Rowlands accepts Ambulance Service Medal on behalf of family and staff

RECOGNISED: Inspector Peter Rowlands (left, pictured with Parkes paramedic Daniel Wright in 2017) has received an Ambulance Service Medal. Photo: Barbara Reeves
RECOGNISED: Inspector Peter Rowlands (left, pictured with Parkes paramedic Daniel Wright in 2017) has received an Ambulance Service Medal. Photo: Barbara Reeves

When NSW Ambulance Inspector Peter Rowlands opened an email saying he was to receive an Ambulance Service Medal on Australia Day, he initially thought it was a scam.

Thankfully, he didn't hit delete.

"I rang Canberra to see if it was junk mail when it came, and the guy ensured me it wasn't," he said.

"He got quite a giggle out of that."

Mr Rowlands, who lives in Gooloogong and oversees the region including Parkes and Forbes, accepted the accolade on January 26 after 48 years in the NSW Ambulance service.

He said the award reflects the dedication and sacrifices made by his family and the staff he has worked with over the years.

"I'd only accept it on behalf of my family who have gone through my length of service as well," he said.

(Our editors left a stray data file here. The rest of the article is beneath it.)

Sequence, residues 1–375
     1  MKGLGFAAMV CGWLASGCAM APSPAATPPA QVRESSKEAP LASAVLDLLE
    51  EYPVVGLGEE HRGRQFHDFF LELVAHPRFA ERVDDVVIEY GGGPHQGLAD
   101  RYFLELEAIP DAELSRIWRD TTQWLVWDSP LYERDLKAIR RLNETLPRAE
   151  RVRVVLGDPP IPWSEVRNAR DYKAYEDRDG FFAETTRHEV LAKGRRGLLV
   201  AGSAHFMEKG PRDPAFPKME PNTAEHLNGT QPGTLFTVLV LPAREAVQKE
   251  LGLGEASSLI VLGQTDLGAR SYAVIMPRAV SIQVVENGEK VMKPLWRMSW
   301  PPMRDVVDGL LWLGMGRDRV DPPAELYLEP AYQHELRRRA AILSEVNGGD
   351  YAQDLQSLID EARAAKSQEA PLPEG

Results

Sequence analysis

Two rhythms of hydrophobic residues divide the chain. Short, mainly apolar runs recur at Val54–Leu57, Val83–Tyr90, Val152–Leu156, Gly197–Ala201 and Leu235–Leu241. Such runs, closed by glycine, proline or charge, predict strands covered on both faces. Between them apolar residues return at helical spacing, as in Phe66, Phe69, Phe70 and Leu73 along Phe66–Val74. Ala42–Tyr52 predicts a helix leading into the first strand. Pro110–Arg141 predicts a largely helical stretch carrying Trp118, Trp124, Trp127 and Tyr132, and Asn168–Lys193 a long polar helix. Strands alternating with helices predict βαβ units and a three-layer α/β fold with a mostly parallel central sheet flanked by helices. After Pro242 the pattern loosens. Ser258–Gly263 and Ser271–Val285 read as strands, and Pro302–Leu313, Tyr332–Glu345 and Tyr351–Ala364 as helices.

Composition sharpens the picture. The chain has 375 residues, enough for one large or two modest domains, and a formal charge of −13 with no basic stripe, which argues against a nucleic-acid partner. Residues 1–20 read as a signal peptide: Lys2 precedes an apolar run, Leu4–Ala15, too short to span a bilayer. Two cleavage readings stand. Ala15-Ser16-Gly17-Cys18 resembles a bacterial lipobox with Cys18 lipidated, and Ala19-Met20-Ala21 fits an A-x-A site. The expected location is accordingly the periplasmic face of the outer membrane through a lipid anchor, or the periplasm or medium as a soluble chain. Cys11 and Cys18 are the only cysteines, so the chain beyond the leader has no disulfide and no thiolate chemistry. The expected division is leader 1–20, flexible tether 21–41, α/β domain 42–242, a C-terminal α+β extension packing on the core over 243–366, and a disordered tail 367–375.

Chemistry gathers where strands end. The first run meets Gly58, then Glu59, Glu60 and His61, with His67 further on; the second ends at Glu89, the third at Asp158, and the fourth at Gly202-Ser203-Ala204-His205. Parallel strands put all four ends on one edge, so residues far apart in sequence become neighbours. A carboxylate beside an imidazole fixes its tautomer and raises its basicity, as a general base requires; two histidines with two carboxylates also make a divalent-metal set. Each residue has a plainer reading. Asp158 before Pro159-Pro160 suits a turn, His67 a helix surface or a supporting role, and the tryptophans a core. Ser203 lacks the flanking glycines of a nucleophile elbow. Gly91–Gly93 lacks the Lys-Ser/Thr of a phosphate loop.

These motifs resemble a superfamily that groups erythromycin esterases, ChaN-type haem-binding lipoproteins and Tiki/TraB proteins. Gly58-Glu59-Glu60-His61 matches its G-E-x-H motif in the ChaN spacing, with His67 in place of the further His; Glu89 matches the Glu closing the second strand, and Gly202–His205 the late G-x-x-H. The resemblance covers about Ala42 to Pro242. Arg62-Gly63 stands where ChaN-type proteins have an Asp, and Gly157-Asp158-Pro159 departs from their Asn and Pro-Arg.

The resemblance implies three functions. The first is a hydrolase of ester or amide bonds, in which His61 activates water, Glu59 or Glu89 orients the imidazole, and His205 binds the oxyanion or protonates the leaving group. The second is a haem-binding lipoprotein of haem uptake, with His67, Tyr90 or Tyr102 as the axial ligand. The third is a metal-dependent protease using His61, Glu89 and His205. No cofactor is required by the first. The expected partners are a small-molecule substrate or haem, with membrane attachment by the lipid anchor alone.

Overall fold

"Every time the phone rings you get up and you go out and they assume you will come back.

"I would [also] only accept the award on behalf of all the amazing staff that I've had to work with over the years because without the staff, there's no position for me."

During his time with the service, Mr Rowlands has worked in a number of leadership roles and delivered clinical services, innovation and staff support.

He played a key role in the original roll-out of defibrillators to every ambulance in the state, an Australian first at the time.

He also established NSW Ambulance's first ever equestrian team in the early 1990s, which competed throughout the state.

Mr Rowlands said he has seen plenty of change throughout the years - for the good and bad - including the introduction of double teams instead of a single officer to attend jobs, helicopter backup, vehicle safety and sadly, an increasing amount of assaults on paramedics.

"The change in my time in the job has been our clinical care, what we can offer people today is just absolutely amazing," he said.

"That progress has been fantastic I think.

"Society is a lot more dangerous... no one would ever think of assaulting an ambo, sometimes you get two or three a day now.

"In terms of patient care, we are leaps and bounds ahead of what we could ever offer, it's wonderful.

"It's been a privilege to be part of all that... Who knows where it will go."

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